We have thus concluded that the insurance companies were customers of DSC for the purpose of the named subaccounts; as we have noted, it is conceded that the insurance companies were not customers of DSC with respect to the accounts in the name of LNS. We will now consider DSC's respective obligations to the insurance companies, first as non-customers, then as customers.
As a general matter, "[b]anks do not owe non-customers a duty to protect them from the intentional torts of their customers." Lerner v. Fleet Bank, N.A., 459 F.3d 273, 286 (2d Cir.2006) (internal quotation marks omitted); see also Renner v. Chase Manhattan Bank, 1999 WL 47239, at *13 (S.D.N.Y.1999) (finding it "well settled" that a bank owes no duty to non-customer third-parties to prevent its customers from defrauding them). This principle is true even as to fiduciary accounts. See Home Sav. of Am., FSB v. Amoros, 233 A.D.2d 35, 661 N.Y.S.2d 635, 637 (N.Y.App.Div.1997) ("[A] depository bank has no duty to monitor fiduciary accounts . . . to safeguard the funds in those accounts from fiduciary misappropriation.").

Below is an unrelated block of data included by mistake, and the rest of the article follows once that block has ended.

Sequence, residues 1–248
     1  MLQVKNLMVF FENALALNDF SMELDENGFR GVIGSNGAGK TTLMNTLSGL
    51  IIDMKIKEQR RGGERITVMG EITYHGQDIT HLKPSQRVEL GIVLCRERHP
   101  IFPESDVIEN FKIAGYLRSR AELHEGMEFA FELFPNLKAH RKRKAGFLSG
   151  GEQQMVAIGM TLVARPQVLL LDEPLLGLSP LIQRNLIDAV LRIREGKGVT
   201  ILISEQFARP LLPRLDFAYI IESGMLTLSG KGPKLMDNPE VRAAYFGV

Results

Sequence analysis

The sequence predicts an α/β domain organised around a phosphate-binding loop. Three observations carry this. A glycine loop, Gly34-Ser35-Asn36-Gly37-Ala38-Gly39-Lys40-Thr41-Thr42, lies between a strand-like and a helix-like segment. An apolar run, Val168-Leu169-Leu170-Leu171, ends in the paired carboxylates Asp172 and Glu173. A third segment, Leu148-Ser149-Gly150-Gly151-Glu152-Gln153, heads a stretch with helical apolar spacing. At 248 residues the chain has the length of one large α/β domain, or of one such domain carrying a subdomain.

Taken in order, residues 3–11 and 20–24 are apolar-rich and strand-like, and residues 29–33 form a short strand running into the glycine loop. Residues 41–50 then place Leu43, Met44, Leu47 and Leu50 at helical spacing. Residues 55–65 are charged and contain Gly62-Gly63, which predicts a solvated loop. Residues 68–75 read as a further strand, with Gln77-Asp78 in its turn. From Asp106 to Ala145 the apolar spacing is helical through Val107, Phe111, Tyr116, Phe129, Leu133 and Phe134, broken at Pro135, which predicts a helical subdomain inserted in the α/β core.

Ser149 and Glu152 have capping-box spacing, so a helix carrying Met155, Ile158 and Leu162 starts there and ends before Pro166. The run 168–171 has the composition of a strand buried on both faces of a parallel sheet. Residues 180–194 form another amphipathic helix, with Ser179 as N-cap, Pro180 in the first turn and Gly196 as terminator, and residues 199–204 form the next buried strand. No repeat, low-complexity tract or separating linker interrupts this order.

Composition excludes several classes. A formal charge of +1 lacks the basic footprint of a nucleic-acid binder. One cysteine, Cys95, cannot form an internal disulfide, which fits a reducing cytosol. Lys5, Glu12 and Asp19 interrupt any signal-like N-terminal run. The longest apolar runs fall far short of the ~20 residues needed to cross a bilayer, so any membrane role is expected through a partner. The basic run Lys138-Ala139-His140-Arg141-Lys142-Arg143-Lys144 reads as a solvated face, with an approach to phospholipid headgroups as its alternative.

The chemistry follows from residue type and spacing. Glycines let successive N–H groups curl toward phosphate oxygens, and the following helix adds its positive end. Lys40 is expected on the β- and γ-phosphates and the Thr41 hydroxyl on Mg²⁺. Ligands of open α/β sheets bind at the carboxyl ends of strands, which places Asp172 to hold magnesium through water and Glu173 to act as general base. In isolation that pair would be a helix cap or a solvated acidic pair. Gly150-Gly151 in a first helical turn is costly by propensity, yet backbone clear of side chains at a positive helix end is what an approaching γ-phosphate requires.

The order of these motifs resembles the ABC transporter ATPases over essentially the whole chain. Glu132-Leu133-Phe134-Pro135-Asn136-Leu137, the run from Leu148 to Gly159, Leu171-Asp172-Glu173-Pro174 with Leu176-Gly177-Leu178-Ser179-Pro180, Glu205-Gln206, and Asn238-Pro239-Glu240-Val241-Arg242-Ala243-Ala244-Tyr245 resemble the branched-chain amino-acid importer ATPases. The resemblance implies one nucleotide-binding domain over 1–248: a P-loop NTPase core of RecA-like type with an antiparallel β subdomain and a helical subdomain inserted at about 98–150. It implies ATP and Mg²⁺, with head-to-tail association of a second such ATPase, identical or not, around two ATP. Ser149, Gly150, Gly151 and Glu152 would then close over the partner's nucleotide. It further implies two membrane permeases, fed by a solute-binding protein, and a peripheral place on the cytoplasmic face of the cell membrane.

Like most, this rule is not without exception. New York courts have recognized that a bank may be held liable for its customer's misappropriation where (1) there is a fiduciary relationship between the customer and the non-customer, (2) the bank knows or ought to know of the fiduciary relationship, and (3) the bank has "actual knowledge or notice that a diversion is to occur or is ongoing." Id. The Receivers urge us to apply this theory to their case.
Whether there was a fiduciary relationship is a question of fact. See Penato v. George, 52 A.D.2d 939, 383 N.Y.S.2d 900, 904-05 (N.Y.App.Div.1976). Generally, a fiduciary relationship exists where "a party reposed confidence in another and reasonably relied on the other's superior expertise or knowledge." Wiener v. Lazard Freres & Co., 241 A.D.2d 114, 672 N.Y.S.2d 8, 14 (N.Y.App.Div.1998). Not every broker-customer relationship qualifies, but fiduciary duties can arise where the broker is empowered with discretion. See Indep. Order of Foresters v. Donald, Lufkin & Jenrette, Inc., 157 F.3d 933, 940 (2d Cir.1998); Press v. Chem. Inv. Servs. Corp., 988 F.Supp. 375, 386-87 (S.D.N.Y. 1997). LNS's relationship with the insurance companies was, of course, discretionary. They deposited funds in the DSC accounts at the direction of LNS expecting LNS to use the funds to engage in bond trading on their behalf. Although a few individuals were aware of the fraud, most were not. There was more than enough evidence for a jury to find that a fiduciary relationship existed between the insurance companies and LNS—the broker-dealer with which they entrusted their funds.
The parties' briefs demonstrate substantial disagreement over the proper approach to prong two—whether the bank knows or ought to know of the fiduciary relationship. DSC argues that under New York law this prong can only be met by actual knowledge and that the Receivers' attempt to extend this duty to situations